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Scaling Back Government Waste

As I’ve mentioned before, the federal government is the largest landowner in the United States, controlling almost one-third of the country’s surface area. The government’s indiscriminate land-grabbing contributes to both our national deficit and environmental degradation, but shockingly, it seems as if the White House may have actually picked up on this fact. On May 4, the Obama administration asked that Congress form a commission to help sell or demolish more than 12,000 government-owned and -leased properties (although, it is rather telling that we now have to form a government commission before we can cut down on the size of the government). Hoping to use the one-time cash bonus to both reduce the federal deficit and pay for other government facilities, the White House even put together an interactive map, “Cutting Costs by Getting Rid of Buildings We Don't Need,” that provides examples of properties not put to any productive use.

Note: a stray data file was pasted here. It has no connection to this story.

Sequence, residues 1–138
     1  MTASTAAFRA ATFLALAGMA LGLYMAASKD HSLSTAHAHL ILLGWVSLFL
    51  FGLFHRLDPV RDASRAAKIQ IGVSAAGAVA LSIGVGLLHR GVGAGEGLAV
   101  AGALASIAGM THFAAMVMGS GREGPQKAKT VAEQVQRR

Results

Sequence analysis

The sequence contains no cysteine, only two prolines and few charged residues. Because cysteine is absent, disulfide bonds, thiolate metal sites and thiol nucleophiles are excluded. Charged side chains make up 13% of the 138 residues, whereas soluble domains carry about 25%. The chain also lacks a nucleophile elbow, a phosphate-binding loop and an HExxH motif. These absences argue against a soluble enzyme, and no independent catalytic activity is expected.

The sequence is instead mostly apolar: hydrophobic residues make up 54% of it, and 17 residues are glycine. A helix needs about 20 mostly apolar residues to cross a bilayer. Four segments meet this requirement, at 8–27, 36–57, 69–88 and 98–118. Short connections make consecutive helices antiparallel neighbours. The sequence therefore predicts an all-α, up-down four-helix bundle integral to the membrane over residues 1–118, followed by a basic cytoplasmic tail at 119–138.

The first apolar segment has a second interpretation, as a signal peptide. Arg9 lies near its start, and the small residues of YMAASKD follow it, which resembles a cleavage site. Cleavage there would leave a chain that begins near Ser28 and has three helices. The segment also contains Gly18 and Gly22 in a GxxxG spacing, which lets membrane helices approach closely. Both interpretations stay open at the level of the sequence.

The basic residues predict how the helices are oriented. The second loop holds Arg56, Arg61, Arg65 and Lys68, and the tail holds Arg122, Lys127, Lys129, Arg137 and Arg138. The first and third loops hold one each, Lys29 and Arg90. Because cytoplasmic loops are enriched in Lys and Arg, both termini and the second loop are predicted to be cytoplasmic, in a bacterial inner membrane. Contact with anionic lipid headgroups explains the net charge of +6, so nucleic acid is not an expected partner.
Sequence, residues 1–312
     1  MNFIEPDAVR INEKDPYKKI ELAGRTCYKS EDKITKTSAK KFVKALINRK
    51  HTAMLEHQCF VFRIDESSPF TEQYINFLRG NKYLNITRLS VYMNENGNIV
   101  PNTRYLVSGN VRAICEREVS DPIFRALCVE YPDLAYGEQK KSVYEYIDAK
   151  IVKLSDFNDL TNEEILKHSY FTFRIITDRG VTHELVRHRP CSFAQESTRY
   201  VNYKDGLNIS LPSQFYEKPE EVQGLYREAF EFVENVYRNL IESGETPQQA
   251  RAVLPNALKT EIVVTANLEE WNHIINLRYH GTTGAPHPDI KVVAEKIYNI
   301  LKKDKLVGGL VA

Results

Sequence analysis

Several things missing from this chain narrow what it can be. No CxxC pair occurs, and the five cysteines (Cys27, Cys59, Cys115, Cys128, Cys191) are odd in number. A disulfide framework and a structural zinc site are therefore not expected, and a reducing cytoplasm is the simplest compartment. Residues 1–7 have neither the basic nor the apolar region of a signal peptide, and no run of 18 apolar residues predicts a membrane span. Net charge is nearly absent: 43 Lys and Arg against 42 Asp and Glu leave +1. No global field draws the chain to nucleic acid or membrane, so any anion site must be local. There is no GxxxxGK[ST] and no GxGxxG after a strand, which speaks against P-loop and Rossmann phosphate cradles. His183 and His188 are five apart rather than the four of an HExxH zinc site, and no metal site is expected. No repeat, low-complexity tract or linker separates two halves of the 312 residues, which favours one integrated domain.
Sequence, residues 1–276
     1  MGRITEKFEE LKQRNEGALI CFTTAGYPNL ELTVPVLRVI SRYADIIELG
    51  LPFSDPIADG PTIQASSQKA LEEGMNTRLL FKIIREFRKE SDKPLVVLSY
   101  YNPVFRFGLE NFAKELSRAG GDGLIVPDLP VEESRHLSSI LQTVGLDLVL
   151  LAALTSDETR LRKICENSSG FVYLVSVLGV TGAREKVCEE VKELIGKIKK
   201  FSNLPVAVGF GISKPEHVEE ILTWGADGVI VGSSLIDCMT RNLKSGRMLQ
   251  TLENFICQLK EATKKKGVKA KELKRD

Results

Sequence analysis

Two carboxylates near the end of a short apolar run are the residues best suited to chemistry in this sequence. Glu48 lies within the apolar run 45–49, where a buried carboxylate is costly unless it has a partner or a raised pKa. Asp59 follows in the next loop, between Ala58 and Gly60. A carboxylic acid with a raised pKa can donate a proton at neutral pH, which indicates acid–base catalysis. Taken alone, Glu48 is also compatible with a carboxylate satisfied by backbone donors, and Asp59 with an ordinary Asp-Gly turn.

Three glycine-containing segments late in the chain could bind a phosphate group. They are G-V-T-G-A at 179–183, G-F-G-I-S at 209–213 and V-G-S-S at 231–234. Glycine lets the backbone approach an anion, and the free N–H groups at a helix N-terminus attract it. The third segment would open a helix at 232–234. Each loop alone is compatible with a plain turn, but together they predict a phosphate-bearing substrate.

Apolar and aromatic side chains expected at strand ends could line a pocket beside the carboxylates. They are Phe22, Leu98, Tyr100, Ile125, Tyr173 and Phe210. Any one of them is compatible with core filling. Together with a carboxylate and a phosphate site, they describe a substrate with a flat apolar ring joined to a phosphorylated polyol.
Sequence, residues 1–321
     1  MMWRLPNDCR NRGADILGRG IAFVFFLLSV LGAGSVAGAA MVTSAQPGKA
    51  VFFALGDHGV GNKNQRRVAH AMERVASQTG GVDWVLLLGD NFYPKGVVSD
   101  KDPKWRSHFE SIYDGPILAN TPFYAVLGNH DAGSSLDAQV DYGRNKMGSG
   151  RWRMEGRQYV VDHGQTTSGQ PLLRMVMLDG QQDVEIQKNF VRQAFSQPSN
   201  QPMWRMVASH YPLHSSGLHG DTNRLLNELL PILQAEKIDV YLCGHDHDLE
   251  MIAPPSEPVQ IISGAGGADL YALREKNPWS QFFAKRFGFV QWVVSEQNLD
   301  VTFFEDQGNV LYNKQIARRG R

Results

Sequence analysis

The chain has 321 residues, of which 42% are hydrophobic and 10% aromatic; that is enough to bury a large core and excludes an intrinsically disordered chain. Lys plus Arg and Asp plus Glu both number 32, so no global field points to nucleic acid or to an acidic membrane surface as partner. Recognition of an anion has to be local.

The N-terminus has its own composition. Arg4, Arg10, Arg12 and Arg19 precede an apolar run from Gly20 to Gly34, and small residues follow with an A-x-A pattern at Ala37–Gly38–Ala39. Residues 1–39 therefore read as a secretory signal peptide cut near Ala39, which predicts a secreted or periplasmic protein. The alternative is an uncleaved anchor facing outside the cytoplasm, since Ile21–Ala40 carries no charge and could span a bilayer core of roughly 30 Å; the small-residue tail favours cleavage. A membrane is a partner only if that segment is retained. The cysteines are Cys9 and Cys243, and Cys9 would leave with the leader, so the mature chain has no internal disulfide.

Administration officials projected that the plan would save as much as $15 billion over three years, which would make only an infinitesimal dent in our almost $1.4 trillion deficit; there are plenty of regulatory laws in place that make it a major headache to sell government land; and many federal agencies cannot even afford the short-term costs of selling the properties. Nevertheless, the move relates an important concept and is more or less the first scheme of President Obama’s that has ever made me feel the least bit hopeful.

By selling off government properties and releasing them to the production and stewardship of the private sector, the properties are transformed from public liabilities to private assets. Even if he does not think so, President Obama is illustrating the vast amount of neglect, waste, and deterioration engendered by an intrusive, distended bureaucracy. Now, if only we could get him to feel the same way about the entire federal budget!


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